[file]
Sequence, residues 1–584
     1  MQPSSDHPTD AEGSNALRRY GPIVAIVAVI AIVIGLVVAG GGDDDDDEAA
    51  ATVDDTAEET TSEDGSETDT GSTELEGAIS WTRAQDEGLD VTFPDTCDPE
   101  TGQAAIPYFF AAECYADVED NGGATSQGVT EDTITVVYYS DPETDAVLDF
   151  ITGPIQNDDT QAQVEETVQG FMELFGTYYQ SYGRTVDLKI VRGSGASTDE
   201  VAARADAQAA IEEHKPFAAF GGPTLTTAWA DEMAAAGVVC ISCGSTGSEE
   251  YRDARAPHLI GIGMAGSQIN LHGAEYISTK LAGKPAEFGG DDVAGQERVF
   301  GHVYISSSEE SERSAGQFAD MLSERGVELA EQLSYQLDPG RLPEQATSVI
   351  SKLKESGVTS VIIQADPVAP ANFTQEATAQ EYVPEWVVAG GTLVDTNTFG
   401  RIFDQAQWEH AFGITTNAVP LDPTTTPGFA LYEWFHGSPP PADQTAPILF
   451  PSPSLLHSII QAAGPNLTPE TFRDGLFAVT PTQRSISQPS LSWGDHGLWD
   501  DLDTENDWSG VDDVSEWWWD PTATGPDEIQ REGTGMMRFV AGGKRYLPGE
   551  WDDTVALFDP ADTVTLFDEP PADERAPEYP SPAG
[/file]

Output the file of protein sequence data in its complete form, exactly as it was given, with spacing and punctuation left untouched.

Sequence, residues 1–584
     1  MQPSSDHPTD AEGSNALRRY GPIVAIVAVI AIVIGLVVAG GGDDDDDEAA
    51  ATVDDTAEET TSEDGSETDT GSTELEGAIS WTRAQDEGLD VTFPDTCDPE
   101  TGQAAIPYFF AAECYADVED NGGATSQGVT EDTITVVYYS DPETDAVLDF
   151  ITGPIQNDDT QAQVEETVQG FMELFGTYYQ SYGRTVDLKI VRGSGASTDE
   201  VAARADAQAA IEEHKPFAAF GGPTLTTAWA DEMAAAGVVC ISCGSTGSEE
   251  YRDARAPHLI GIGMAGSQIN LHGAEYISTK LAGKPAEFGG DDVAGQERVF
   301  GHVYISSSEE SERSAGQFAD MLSERGVELA EQLSYQLDPG RLPEQATSVI
   351  SKLKESGVTS VIIQADPVAP ANFTQEATAQ EYVPEWVVAG GTLVDTNTFG
   401  RIFDQAQWEH AFGITTNAVP LDPTTTPGFA LYEWFHGSPP PADQTAPILF
   451  PSPSLLHSII QAAGPNLTPE TFRDGLFAVT PTQRSISQPS LSWGDHGLWD
   501  DLDTENDWSG VDDVSEWWWD PTATGPDEIQ REGTGMMRFV AGGKRYLPGE
   551  WDDTVALFDP ADTVTLFDEP PADERAPEYP SPAG